Why the "A" Word Isn't So Dirty
“Honor your father and mother... that your days may be long, and that it may go well with you in the land that the Lord your God is giving you.”
Few things seem more American than rebelling against authority. After all, that’s how we started as a country, right?
Leaving aside lengthy historical and philosophical discussions of 1776, it shouldn’t take us long to realize that a revolt at our nation’s inception does not make revolt per se some sort of abiding standard. There’s a time when complaining and protesting is understandable, if not desirable. Yet more often than not, our posture towards government authority (and authority in general) remains in a sort of frozen state of whiny, petulant, adolescent rebellion.
There’s a reason why the fifth commandment focuses on honoring one’s parents. The way we view authority as a whole germinates from the way we are raised to view our parents’ authority. Indeed, it takes a lot of spiritual growth in our relationship with God to move above and beyond conceiving of Him as anything more than an overgrown version of our parents.
Today, we can see our lamentable failure of respect for authority cropping up at all levels of our society. Schools, for instance, have to spend increasing time and energy stepping in to fill the gaping hole of moral formation left by the dissolution of the family. Sadly, an ongoing succession of teachers, each serving their one-year term as interim parents, is unlikely to shift the fundamental relationship between that future adult and his authority figures. That relational dynamic to authority is cast and set by parents.
There’s nothing remarkable or apocalyptic about people in our age complaining about authority, even good authority. Think about what Moses’ suggestion box would have looked like. And he freed Israel from 400 years of bondage. The roots of rebellion against authority go back (as do all sins) to Adam and Eve in the Garden. Human beings have an unshakable hubris that we know better. We’re never far from the comfortable, imaginary throne of: “If only I was in charge.” It must be acknowledged, however, that the pitch and constancy of this chorus of disrespect have reached a terrible (and frankly embarrassing) height in our time. For anybody with the discernment to observe our country and culture from a distance, the tone of nagging negativity which seeps through the air from every outlet requires that our caricature be painted as a privileged, spoiled, tearful preteen.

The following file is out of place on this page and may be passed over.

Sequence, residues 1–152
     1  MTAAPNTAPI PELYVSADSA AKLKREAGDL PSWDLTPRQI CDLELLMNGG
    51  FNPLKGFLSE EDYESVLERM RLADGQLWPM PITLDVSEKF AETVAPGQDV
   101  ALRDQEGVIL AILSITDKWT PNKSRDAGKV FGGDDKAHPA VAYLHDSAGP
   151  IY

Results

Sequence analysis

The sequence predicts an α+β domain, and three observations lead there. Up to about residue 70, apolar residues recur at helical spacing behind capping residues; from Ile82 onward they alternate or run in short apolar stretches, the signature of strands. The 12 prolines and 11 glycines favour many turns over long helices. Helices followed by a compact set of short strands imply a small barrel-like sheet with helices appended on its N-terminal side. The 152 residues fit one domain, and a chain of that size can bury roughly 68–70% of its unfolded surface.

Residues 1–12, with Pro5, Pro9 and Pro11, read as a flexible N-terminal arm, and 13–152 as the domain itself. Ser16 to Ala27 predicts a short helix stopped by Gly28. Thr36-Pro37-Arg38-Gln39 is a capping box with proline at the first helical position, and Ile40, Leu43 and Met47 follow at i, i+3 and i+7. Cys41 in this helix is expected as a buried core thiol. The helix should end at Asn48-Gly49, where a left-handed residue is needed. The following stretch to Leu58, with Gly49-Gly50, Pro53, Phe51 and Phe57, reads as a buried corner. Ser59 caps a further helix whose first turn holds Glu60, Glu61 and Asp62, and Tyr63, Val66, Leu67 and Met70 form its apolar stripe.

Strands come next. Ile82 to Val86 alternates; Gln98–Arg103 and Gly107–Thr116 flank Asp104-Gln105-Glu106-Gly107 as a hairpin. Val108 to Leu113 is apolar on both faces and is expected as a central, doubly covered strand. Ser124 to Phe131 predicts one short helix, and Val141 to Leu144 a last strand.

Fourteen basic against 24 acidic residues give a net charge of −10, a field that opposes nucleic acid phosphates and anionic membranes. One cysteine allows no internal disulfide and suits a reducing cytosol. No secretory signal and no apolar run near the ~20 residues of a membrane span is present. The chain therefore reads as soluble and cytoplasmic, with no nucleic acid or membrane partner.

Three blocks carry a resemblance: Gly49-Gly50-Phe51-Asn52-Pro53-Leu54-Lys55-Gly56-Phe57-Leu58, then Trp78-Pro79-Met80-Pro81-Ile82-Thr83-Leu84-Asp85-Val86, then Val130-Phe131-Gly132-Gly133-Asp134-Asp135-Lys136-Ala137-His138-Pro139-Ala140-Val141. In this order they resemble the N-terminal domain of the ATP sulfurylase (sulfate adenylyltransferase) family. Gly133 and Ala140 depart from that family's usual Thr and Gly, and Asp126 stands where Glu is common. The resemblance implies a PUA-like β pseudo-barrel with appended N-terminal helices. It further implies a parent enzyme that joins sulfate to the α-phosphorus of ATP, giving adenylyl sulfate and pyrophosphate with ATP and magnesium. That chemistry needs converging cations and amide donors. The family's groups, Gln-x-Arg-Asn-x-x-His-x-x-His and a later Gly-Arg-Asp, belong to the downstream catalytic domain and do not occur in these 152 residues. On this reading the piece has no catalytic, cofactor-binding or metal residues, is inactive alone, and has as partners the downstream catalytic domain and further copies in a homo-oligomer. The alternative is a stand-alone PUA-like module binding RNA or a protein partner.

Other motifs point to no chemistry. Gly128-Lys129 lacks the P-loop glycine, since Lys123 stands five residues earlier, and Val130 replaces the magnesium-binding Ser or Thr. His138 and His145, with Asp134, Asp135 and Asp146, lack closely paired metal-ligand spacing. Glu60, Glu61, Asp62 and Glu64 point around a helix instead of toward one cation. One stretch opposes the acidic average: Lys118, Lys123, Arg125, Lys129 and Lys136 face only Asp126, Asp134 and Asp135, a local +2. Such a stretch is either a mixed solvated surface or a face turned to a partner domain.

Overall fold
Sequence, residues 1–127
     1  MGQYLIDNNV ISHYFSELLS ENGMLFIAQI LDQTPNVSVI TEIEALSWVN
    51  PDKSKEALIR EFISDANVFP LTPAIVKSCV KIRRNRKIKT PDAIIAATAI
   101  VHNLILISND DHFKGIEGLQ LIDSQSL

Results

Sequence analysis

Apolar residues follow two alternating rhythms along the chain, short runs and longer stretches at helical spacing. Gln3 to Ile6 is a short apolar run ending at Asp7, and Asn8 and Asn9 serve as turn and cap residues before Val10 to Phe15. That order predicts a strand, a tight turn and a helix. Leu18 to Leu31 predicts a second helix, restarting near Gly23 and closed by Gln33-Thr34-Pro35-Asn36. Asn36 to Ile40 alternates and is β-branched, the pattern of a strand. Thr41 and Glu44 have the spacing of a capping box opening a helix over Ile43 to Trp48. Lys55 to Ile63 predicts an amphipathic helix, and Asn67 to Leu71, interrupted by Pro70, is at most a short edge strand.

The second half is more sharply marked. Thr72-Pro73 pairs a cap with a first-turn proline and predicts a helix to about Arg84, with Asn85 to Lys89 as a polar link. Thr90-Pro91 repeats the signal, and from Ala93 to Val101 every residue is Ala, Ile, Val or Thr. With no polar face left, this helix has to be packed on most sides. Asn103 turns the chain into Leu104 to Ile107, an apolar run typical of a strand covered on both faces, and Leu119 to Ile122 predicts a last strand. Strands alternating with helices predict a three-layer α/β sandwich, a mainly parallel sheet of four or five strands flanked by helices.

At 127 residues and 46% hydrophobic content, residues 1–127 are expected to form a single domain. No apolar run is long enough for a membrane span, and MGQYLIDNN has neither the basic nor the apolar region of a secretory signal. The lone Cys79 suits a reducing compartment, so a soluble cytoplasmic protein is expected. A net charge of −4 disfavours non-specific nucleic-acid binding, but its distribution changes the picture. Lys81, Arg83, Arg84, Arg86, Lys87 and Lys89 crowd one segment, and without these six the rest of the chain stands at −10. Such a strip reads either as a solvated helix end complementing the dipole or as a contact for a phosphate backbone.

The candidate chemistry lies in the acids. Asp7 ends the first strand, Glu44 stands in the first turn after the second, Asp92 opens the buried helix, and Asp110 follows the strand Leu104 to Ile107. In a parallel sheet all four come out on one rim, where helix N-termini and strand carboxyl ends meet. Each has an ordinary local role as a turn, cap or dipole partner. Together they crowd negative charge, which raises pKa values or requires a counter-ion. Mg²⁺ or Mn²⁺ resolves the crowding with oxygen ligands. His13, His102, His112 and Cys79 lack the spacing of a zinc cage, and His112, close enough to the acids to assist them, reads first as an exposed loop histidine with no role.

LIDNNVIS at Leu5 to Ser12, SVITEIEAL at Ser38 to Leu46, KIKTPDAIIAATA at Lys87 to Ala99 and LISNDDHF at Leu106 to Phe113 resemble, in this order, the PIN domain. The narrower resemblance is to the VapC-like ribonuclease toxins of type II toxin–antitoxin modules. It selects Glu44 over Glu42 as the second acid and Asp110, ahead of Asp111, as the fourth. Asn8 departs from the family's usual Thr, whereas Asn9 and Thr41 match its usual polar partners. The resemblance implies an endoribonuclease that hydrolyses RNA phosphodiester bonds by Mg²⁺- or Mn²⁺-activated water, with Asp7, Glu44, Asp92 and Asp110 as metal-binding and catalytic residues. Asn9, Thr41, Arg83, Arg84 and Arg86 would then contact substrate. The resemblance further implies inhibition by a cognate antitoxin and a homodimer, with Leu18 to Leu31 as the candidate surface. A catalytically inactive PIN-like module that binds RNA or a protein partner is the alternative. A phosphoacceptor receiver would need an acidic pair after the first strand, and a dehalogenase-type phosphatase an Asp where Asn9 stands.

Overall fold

This is not to say that there are no true problems among authority figures. There are many valid complaints. We should never cease the interminable conquest of reforming vices and cultivating virtue. However, the Bible holds up a different ideal when it comes to how we view public leaders. We are to pray for them, to be grateful for them, to encourage them, and honor them, regardless of how we evaluate their policies. What kind of world would we live in if we heard people, even occasionally, letting slip sentiments of gratitude for politicians?
Let me point to one specific iteration of this defect that has emerged in the past few decades, in order to demonstrate that our disrespect is more pronounced than during previous ages: the refusal to accept a reward from a President. If the award itself is despised, that is one thing, but I cannot conceive of an acceptable Biblical ground for refusing the reward due to the character or wisdom of the President. One might site 2 Kings 3:14, where Elisha consents to meet with Jehoram king of Israel, only out of respect for the other king, Jehoshaphat of Judah, who happens to be with him. This is plucking from a very different redemptive historic era, however, wherein the king of Israel also represented Israel as a religious body. Elisha’s disdain was based on how Jehoram’s actions reflected poorly on Israel as God’s people, not because of Jehoram’s foreign policy, or his ineffective taxation and spending plan.
In ages past, the principle of respect for authority was tied to a position, not a person. To varying degrees, our society has revised, reversed, or erased this distinction—and not without some benefits. We now resist the externalism of traditional hierarchical societies. In that sense, we are a people seeking to look on the heart, and not simply the outward appearance (I Sam 16:7). But this has not come without a cost. We now fuse person and position completely, attempting to calculate respect accordingly. As a result, we lose a quiet, reverent humility. We lose the temperance which holds us back from presuming ourselves to be rightful lord and judge of all things (if only we had the time to look into them). We cast off the restraint we deem unnecessary—or at least only necessary for societies where all citizens have not gained an equal standing. We feel it to be our civic and democratic duty to place every superior under the bar of our evaluation. All this, because we have such a distorted repugnance to recognizing rank.
Christians have no ground for boasting on this front. We are as vocal, if not more, than our neighbors in raging against the authority God has set above us (Rom 13:1). We should, instead, seek to be examples in praying for the welfare, wisdom, and righteousness of our leaders. We should teach children that, yes, you should think critically, and think for yourself, but also to move toward the higher calling, the nobler plane: to respect, even while disagreeing with authority.
Justin Poythress (MDiv, WTS) is Assistant Pastor at Westminster Presbyterian Church in Fort Myers, FL. He blogs regularly at Time & Chance.
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